While in Ucluelet, Kaya came across a tree. A big, gnarly, twisted up tree begging to be climbed. Her gap-toothed grin ducked in and out of those branches while she climbed higher and farther. From me. Making me nervous. Even though I was trying really hard not to show it. In that, I failed.
I only realize I failed upon getting home and watching the video we took of her climbing. 44 seconds of me in a bipolar state of cheers then warnings.
“Woah, so cool!” while I hold her bum to prevent a fall then letting go realizing she wanted to go it alone.
Then I direct her play, suggesting she stop there and ride it like a horse. Ignoring me, she climbs higher instead.
Nervous voice suggests “Ok, that’s as far…”
Followed up with a “Oh, looks like a swing. Fun!”
And finally, an insistent, “No more. You can’t go over cuz I don’t know what those branches are like over there.”
Some of the sparkle has dimmed from her face. She wanted to go higher. And she totally could have. Would have, had I not been there.
Shortly before watching this video, I had applauded an article called The Need for “Wild” Play: Let Children Be the Animals They Need to Be. In it, author Marc Bekoff champions Bob Hughes book Evolutionary Playwork as work that shows play is not only important to a child’s development, but crucial to it. Kids need freedom to play on their own terms, no direction necessary thank you very much. Only here I was, evidence on video, trying to direct, then prevent her play when I deemed it too risky.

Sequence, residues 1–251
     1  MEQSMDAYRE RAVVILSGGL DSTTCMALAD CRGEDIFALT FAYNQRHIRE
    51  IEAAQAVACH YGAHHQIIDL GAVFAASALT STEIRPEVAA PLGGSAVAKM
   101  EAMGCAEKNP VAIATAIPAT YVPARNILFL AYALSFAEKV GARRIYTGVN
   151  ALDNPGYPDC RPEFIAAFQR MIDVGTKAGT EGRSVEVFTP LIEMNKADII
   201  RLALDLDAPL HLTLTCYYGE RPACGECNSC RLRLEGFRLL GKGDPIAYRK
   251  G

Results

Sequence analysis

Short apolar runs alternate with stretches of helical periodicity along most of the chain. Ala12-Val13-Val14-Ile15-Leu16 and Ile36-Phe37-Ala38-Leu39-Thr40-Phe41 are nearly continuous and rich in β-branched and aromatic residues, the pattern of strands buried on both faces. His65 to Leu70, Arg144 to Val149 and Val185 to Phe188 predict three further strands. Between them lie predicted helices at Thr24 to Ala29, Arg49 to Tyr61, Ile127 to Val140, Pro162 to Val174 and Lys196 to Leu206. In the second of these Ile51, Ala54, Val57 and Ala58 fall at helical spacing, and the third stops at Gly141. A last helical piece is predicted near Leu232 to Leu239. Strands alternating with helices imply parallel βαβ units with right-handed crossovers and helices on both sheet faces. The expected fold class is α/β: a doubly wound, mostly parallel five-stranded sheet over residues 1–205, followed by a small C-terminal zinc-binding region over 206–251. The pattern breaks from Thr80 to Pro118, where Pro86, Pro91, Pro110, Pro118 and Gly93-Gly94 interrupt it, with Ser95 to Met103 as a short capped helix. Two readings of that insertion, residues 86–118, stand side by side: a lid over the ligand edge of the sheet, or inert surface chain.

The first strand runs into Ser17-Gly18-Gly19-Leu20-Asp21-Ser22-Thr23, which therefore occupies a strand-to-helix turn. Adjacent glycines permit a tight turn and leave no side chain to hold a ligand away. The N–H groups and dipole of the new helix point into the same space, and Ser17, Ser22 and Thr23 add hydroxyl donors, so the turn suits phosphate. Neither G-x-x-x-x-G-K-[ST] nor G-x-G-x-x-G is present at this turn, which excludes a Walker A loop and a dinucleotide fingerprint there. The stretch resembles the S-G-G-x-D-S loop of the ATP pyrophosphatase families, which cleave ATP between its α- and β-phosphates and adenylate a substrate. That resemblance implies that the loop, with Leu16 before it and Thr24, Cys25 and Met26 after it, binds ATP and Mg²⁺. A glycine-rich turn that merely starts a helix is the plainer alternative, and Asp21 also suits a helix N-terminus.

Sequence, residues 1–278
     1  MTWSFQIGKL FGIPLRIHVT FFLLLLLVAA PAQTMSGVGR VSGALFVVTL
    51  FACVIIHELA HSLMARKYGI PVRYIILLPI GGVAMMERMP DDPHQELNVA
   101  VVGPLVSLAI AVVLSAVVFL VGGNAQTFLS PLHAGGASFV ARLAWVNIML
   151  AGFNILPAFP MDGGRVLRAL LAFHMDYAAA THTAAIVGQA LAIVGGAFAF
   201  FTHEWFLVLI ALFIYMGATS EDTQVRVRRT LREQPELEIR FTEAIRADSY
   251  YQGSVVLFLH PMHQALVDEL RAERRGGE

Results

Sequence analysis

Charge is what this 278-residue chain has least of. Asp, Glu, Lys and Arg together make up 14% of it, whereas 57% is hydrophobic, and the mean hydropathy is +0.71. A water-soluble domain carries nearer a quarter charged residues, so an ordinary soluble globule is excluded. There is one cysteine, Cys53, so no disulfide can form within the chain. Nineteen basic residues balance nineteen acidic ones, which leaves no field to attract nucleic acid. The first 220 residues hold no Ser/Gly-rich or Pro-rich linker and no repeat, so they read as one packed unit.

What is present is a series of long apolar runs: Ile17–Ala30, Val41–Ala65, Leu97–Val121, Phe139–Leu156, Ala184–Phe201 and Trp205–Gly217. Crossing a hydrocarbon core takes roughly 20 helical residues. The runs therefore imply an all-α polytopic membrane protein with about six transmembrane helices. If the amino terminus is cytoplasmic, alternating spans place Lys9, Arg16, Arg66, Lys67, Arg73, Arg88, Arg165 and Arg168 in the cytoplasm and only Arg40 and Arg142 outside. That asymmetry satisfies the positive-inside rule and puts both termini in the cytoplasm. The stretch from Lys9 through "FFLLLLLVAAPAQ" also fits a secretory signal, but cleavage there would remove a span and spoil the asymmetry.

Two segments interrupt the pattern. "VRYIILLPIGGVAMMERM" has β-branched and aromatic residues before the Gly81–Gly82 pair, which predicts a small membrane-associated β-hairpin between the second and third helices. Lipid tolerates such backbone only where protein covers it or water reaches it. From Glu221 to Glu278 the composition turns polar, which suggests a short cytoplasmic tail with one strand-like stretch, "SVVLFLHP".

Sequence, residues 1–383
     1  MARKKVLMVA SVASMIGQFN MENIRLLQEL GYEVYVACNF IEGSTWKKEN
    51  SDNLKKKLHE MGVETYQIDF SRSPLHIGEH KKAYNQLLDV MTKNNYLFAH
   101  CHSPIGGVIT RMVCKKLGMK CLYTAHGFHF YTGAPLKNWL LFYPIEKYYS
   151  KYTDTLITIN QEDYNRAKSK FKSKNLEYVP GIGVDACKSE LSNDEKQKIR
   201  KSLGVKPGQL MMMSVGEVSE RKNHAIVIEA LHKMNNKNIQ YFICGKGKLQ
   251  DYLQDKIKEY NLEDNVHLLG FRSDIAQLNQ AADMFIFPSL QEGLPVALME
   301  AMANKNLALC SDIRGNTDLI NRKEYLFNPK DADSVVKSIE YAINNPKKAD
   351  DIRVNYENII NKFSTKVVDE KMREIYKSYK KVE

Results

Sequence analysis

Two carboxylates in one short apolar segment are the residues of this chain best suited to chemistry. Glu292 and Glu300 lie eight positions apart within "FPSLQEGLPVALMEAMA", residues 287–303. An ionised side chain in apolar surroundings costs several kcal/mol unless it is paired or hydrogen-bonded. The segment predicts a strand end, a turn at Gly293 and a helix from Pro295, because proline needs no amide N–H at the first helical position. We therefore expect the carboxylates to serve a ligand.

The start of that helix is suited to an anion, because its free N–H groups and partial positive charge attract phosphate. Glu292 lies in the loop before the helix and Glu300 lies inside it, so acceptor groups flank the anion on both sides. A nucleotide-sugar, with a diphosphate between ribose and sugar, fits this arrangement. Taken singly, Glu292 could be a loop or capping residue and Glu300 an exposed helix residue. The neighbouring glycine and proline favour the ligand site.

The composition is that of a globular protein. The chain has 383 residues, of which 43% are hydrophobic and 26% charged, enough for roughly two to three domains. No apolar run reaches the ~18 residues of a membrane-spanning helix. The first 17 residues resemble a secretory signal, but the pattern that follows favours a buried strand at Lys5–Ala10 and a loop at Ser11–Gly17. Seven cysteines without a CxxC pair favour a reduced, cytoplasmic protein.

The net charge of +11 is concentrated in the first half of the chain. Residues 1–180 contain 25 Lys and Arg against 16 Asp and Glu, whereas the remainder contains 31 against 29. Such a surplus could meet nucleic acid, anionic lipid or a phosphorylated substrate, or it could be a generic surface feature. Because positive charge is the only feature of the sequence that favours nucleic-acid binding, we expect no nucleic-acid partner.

The thing is, of course, that as her mother, it is my job to keep her safe.
But mothering need not be smothering.
Around the same time I read an article called Finding Our Way as Parents, Kids by a local mom who talked about letting her 6-year-old walk 4 blocks, by herself, to a friend’s house.
My initial reaction? “No way in HELL!”
But as I read on, I got it. Letting go so our kids can soar. That’s our job too.
Keeping safe, letting soar. Sometimes it’s a fine line.
Bekoff ends his article with this quote,
“Better a broken bone
than a broken spirit”
~Lady Allen of Hurtwood (1897 – 1976)
When I look at Kaya’s face climbing that tree, then look again once I say ‘No’, it is clear I broke her spirit that day. This is not something I shall dwell on or harbour guilt about, rather learn from.
Next time, she shall climb! And perhaps I shall join her. Seems I still have some developing to do also.